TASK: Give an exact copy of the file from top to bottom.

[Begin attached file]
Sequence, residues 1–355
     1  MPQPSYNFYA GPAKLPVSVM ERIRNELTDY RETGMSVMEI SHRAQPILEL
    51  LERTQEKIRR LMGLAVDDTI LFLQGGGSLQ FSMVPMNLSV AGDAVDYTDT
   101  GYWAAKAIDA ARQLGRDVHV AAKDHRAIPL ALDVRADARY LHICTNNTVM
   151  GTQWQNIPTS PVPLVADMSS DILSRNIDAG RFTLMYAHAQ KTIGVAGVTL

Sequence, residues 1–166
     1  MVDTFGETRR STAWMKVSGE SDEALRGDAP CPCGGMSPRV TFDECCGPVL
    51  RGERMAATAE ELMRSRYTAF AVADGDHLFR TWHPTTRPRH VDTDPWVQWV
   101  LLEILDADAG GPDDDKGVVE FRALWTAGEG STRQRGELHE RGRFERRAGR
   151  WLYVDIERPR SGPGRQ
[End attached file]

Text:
Sequence, residues 1–355
     1  MPQPSYNFYA GPAKLPVSVM ERIRNELTDY RETGMSVMEI SHRAQPILEL
    51  LERTQEKIRR LMGLAVDDTI LFLQGGGSLQ FSMVPMNLSV AGDAVDYTDT
   101  GYWAAKAIDA ARQLGRDVHV AAKDHRAIPL ALDVRADARY LHICTNNTVM
   151  GTQWQNIPTS PVPLVADMSS DILSRNIDAG RFTLMYAHAQ KTIGVAGVTL

Sequence, residues 1–166
     1  MVDTFGETRR STAWMKVSGE SDEALRGDAP CPCGGMSPRV TFDECCGPVL
    51  RGERMAATAE ELMRSRYTAF AVADGDHLFR TWHPTTRPRH VDTDPWVQWV
   101  LLEILDADAG GPDDDKGVVE FRALWTAGEG STRQRGELHE RGRFERRAGR
   151  WLYVDIERPR SGPGRQ